YEREVAN, April 18. / ARKA /. Ruben Safrastyan, the head of the Institute of Oriental Studies in Yerevan, said to a news conference today that ahead of the centennial of the 1915 Armenian genocide, committed by the government of Ottoman Turkey, the official Yerevan must clearly determine the size and form of compensation by Turkey.
"In addition to the moral aspect of the problem, there is also the material and territorial claims which Armenia should clearly convey to Turkey. It is very important that we should get down to detailing our claims," he said.
According to him, Turkey must indemnify the damages at the state level and Turkish courts must start accepting actions from the victims of the Armenian genocide or their successors.
According to Safrastyan, Armenia must also insist on the return to the status quo at the time of signing the Treaty of Sevres in 1920 November, when the US President Woodrow Wilson draw the boundaries of the Armenian Republic that incorporated the Ottoman provinces of Erzurum, Bitlis, and Van.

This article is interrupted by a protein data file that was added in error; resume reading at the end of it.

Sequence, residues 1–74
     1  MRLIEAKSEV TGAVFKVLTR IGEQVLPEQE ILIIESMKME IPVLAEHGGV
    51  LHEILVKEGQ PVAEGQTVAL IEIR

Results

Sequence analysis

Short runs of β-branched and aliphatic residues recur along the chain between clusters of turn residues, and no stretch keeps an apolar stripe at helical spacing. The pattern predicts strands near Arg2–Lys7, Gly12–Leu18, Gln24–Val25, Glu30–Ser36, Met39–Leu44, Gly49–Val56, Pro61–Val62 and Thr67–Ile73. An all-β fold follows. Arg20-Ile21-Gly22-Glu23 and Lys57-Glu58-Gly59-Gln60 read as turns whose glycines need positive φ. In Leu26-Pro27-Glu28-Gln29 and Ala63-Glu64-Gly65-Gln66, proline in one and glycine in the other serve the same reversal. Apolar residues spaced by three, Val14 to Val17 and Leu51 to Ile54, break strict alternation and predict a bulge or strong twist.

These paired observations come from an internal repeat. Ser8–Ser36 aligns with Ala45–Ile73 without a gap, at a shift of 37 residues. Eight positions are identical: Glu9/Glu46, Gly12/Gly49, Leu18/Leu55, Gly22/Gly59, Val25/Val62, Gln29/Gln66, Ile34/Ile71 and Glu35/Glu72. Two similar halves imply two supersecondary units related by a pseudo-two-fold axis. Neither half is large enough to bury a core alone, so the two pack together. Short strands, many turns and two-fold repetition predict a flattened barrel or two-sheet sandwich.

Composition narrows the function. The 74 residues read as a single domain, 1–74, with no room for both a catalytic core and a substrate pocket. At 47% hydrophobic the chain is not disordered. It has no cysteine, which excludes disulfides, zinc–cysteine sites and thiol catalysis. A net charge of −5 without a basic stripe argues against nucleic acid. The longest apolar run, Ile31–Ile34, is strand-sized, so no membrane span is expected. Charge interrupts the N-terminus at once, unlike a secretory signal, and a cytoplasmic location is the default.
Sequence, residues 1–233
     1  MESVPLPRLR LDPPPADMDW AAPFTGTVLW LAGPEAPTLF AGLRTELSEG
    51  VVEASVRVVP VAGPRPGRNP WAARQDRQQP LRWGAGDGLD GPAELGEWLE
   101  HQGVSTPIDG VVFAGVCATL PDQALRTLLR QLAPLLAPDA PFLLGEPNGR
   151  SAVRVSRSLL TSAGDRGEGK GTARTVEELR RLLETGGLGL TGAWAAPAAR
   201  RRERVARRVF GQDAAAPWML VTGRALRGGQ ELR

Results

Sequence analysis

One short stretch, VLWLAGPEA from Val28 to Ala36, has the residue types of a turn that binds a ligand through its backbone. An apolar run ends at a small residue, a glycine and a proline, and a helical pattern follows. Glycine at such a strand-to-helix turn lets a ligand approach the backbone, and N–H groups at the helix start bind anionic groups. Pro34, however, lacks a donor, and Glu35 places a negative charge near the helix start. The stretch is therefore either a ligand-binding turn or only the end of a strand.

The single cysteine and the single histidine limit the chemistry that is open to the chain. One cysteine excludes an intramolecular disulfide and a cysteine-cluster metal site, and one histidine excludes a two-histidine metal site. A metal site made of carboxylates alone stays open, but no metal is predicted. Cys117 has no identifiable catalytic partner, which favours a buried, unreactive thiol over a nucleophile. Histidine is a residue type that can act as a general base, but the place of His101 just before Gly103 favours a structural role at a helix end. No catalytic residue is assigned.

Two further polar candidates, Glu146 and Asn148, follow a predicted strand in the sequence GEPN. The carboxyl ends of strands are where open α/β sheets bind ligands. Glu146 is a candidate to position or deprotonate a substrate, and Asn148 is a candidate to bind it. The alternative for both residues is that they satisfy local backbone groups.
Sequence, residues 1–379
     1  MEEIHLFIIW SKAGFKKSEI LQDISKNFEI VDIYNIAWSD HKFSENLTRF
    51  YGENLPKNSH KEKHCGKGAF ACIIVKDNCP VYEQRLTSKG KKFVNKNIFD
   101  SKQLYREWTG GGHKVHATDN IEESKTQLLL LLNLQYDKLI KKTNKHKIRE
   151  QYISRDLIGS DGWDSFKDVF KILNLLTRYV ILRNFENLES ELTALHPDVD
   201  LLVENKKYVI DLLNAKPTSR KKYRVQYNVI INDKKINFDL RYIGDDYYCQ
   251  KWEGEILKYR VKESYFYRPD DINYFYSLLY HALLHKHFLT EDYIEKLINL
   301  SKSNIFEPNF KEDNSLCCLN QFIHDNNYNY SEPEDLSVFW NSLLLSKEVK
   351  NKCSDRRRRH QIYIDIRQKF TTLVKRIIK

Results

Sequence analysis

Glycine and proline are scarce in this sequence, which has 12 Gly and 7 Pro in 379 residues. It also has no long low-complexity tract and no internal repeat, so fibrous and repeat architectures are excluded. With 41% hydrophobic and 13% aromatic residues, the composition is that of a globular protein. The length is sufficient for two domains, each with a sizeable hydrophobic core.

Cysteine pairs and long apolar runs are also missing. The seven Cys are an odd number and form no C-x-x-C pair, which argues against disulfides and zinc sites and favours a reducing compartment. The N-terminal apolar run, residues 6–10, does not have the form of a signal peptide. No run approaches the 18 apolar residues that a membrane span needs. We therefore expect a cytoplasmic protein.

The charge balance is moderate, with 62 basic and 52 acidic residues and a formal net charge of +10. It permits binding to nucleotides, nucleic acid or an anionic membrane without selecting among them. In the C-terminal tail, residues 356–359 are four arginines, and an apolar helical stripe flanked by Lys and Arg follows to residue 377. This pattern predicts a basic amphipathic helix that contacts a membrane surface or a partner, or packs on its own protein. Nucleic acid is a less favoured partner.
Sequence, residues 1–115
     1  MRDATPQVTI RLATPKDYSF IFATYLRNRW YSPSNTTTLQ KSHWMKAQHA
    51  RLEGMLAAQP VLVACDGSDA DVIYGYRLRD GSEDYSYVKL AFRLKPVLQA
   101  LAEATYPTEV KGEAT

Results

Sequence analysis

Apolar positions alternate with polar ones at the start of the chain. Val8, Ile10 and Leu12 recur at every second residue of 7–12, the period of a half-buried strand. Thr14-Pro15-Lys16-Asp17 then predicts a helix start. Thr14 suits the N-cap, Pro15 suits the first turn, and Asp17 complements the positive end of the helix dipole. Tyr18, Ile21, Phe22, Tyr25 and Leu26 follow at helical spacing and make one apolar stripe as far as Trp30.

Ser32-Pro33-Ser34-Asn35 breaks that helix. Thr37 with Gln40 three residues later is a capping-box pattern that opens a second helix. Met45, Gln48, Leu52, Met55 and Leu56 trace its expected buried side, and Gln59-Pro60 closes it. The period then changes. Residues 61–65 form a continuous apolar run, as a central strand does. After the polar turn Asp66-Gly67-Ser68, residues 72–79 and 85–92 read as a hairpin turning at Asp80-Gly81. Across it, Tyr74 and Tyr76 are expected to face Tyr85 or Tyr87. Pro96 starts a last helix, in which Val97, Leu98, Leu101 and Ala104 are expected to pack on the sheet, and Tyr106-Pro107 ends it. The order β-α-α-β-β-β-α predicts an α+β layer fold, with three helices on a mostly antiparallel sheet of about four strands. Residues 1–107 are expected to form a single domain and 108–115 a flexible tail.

This region was extended to the north, up to the west side of Trabzon to provide the First Republic of Armenia with an outlet to the Black Sea at the port of Trabzon ( a total of 160,000 square km).
The Treaty of Sevres was a peace treaty signed between the Western Allied Powers and the defeated government of the Ottoman Empire in August 1920. The treaty was signed but never ratified by the Ottoman Empire.
The Armenian Genocide was the first genocide of the twentieth century. Turkey has been denying it for decades. The Armenian genocide was recognized by tens of countries. The first was Uruguay that did so in 1965.
Other nations are Russia, France, Italy, Germany, Holland, Belgium, Poland, Lithuania, Slovakia, Sweden, Switzerland, Greece, Cyprus, Lebanon, Canada, Venezuela, Argentina, 42 U.S. states. The Armenian Genocide was recognized by the Vatican, the European Parliament, the World Council of Churches and other international organizations. -0-